A local teen is facing an uncertain future after surgeons cut out a stray bullet from his brain.
"This is killing me. He is everything to me," said Alma Vazquez, Miguel Castro's mother.
Castro, an 18-year-old in his first year of college at Grossmont College, remains in a medically induced coma at Scripps Mercy Hospital in Hillcrest.
As the New Year was arriving, the teen was at his grandmother's home in Tijuana. His family was sitting down for a late dinner when a loud noise shook the room.
"He was near his aunt and uncle when he fell over. A bullet hit him on the left side of his head," said Vazquez.
The .45-caliber bullet that hit him tore through three walls. Mexican police told Vazquez it was a stray bullet from someone firing random shots outside, celebrating the New Year.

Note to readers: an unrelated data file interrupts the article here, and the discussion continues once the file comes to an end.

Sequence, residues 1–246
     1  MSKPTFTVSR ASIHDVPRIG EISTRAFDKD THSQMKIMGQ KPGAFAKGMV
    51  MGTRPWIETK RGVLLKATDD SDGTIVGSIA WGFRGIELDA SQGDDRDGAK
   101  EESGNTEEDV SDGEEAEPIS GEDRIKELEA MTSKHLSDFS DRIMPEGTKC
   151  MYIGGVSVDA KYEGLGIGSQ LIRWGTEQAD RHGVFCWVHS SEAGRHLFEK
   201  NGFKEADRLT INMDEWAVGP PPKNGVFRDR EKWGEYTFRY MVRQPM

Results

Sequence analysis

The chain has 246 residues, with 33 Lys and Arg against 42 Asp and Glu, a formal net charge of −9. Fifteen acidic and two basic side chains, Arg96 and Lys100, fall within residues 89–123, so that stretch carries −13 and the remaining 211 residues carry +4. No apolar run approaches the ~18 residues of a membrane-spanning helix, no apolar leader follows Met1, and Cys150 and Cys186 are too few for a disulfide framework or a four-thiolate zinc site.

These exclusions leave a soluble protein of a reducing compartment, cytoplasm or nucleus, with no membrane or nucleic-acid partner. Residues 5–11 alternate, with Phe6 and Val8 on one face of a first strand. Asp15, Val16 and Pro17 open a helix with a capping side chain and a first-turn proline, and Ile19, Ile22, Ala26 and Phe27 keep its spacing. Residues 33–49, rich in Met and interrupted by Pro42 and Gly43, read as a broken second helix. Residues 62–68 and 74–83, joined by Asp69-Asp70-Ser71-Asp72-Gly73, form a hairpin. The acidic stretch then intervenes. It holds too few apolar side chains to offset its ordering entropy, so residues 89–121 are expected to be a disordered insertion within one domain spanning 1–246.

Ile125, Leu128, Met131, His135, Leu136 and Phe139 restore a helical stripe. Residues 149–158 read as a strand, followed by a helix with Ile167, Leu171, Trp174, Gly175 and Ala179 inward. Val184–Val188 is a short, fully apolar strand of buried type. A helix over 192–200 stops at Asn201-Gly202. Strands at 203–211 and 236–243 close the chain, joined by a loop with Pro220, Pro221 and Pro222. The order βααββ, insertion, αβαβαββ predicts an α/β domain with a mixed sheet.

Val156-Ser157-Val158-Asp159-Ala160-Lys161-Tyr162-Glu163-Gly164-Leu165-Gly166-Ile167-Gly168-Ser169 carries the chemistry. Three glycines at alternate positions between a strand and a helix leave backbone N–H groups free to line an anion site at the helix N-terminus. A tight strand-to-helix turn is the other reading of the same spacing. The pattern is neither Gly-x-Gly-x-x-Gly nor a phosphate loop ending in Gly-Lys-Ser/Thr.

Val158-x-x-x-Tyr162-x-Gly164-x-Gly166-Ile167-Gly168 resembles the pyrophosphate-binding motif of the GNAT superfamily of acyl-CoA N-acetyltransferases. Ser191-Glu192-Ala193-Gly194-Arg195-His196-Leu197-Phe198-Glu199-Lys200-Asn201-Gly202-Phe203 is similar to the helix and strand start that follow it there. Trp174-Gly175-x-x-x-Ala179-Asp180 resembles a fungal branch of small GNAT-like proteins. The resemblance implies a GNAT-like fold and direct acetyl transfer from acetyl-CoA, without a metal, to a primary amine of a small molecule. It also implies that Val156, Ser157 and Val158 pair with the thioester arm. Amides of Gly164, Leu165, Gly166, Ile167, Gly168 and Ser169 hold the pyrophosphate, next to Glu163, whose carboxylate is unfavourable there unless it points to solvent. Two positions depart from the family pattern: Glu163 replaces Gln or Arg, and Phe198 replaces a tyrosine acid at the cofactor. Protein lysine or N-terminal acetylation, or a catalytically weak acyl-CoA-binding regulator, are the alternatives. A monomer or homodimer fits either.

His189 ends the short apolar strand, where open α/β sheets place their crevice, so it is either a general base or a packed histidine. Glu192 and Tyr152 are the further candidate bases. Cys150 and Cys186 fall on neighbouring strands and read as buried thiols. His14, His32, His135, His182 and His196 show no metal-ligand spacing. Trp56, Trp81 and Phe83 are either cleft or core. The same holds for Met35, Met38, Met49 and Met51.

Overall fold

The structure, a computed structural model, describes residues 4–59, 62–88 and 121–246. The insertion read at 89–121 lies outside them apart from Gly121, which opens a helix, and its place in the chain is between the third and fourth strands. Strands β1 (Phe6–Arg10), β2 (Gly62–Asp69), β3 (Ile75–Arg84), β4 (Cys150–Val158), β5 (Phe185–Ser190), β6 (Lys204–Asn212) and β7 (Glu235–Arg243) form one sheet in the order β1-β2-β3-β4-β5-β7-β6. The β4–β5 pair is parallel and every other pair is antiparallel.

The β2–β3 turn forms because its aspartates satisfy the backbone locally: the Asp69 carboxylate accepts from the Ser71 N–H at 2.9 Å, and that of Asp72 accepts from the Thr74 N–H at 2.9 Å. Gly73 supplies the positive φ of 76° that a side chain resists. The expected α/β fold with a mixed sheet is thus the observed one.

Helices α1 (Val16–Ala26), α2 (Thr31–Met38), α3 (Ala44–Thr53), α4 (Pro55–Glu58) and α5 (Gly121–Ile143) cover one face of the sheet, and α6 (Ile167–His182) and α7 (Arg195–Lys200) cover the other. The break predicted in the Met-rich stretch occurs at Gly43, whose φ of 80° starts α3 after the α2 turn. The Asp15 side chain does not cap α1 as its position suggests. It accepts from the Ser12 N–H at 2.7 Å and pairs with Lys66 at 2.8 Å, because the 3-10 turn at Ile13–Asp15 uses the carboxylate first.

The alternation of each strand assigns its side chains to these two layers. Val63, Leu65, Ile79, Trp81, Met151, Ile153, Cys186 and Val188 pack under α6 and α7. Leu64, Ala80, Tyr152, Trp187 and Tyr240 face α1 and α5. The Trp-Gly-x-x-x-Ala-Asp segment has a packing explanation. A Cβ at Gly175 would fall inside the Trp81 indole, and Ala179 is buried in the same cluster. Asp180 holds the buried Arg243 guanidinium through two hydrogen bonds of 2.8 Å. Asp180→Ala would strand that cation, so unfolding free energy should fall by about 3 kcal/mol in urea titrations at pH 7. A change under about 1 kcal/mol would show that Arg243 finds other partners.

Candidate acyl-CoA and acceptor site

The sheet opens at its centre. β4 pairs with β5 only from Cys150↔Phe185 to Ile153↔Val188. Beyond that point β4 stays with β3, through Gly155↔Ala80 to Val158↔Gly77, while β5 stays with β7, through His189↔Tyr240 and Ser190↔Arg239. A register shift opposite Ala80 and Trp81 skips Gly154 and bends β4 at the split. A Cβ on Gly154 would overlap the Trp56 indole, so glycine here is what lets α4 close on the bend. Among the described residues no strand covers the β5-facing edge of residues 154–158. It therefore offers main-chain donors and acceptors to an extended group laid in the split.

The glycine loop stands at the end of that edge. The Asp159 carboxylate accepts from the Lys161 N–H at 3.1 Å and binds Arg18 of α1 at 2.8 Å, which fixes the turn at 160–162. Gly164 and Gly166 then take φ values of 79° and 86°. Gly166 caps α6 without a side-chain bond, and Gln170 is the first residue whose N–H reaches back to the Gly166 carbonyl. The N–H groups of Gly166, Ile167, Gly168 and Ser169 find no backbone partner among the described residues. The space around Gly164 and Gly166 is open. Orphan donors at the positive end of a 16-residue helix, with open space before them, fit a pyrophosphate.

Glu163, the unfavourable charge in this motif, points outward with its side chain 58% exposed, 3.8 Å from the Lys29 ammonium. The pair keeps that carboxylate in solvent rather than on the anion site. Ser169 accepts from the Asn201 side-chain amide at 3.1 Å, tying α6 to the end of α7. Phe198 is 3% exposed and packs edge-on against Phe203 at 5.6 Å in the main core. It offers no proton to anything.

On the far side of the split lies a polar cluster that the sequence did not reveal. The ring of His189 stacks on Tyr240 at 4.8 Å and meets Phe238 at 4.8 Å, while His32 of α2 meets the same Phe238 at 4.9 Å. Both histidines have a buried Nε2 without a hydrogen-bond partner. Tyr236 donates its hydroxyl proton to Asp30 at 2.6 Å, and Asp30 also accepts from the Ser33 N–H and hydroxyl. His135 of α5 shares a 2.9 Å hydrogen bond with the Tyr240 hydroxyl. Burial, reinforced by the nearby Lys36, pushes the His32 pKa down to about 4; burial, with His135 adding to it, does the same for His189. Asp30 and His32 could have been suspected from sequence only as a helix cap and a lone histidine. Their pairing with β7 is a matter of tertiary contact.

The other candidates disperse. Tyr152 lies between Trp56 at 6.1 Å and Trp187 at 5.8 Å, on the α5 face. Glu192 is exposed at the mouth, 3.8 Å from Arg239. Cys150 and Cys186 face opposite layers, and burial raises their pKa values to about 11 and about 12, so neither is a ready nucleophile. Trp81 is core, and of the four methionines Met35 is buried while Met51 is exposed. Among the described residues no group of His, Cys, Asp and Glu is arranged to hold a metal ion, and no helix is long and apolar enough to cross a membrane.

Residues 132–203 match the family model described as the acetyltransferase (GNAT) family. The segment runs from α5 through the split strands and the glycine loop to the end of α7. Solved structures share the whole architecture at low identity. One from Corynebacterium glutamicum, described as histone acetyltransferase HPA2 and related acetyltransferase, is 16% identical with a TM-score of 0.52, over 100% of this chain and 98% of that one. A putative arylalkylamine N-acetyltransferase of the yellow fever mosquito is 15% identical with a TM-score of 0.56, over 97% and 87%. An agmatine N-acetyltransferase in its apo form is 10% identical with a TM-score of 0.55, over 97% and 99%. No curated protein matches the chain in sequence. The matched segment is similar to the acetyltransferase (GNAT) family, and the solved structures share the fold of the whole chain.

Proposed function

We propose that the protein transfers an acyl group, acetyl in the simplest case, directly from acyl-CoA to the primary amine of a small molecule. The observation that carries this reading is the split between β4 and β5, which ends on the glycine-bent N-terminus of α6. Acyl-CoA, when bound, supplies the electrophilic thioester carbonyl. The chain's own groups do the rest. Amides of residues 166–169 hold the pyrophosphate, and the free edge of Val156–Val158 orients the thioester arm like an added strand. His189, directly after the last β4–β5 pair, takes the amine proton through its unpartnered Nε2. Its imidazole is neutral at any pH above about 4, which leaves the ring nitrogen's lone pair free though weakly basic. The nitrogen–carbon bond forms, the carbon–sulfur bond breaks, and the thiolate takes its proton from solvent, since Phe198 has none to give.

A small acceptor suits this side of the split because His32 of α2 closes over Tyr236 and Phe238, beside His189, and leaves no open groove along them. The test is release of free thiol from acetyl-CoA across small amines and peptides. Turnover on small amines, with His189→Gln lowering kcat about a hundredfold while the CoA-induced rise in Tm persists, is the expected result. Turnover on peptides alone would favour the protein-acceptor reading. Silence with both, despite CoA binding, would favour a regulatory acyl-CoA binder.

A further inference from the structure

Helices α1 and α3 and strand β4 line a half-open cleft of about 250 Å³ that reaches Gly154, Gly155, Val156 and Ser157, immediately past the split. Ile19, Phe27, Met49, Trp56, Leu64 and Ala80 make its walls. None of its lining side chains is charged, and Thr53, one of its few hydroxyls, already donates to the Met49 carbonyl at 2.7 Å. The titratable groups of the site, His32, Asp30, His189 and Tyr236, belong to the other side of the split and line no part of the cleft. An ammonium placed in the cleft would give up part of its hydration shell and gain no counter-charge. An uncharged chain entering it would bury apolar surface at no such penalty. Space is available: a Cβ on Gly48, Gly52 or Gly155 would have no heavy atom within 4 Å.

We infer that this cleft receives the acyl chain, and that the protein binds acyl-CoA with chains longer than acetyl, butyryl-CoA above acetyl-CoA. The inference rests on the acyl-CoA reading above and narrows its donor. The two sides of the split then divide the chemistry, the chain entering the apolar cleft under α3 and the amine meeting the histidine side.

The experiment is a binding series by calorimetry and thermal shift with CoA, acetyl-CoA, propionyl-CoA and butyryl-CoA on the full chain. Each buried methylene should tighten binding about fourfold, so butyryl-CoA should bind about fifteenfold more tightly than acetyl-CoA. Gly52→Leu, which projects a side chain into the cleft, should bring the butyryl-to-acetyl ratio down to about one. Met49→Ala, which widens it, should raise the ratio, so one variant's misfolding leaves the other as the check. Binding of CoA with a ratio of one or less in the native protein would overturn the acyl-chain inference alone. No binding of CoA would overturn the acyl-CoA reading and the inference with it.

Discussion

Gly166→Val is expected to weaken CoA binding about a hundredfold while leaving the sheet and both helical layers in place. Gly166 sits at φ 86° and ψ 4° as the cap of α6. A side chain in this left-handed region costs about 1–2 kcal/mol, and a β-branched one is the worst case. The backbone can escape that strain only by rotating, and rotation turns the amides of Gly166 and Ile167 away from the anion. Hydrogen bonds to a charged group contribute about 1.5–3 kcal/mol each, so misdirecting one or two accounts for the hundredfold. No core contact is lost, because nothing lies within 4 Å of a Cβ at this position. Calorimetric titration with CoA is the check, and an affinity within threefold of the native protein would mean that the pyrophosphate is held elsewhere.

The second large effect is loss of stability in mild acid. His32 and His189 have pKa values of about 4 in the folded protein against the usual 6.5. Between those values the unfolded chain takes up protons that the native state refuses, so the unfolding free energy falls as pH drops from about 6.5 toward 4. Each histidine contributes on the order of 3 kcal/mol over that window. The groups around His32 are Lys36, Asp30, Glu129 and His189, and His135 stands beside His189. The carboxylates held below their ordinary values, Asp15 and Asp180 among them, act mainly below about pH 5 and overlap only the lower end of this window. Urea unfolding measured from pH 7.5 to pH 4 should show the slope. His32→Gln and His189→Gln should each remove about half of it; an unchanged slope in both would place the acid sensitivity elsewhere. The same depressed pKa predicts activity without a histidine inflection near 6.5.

Castro's family rushed him to a public hospital in Tijuana, but no surgeons were available.
After some red tape and 13 hours in Tijuana, Castro was finally transferred to Scripps Mercy Hospital, where surgeons removed the bullet.
Castro is expected to survive, but the damage to his brain is not known.
"He's such an amazing man. He shows so much promise," said Mallory Thorne, who works with Castro at the nonprofit Outdoor Outreach, where he mentors underserved youth.
"He has so much ahead of him … This is just a senseless tragedy," Thorne added.
"I'm angry because someone was reckless. This is not a game. I just want my son to be OK," said Vazquez.
Castro had been working two jobs and helping his family after his father passed away from cancer last year.
Vazquez said there has been some movement in Castro's right arm and leg, which is a good sign.
A GoFundMe campaign has been set up to help with medical bills.
Vazquez said the police investigation is ongoing and no arrests have been made.